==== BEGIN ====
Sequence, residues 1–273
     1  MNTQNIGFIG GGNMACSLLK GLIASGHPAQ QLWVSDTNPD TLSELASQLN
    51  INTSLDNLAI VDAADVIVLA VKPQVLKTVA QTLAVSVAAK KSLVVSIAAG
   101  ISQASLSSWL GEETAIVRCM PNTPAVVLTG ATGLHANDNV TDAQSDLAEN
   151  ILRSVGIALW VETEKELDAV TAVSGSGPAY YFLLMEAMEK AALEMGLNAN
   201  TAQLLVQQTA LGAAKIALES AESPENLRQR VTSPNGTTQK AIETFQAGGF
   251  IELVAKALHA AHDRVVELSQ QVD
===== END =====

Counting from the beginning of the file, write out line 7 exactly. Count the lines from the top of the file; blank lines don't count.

   251  IELVAKALHA AHDRVVELSQ QVD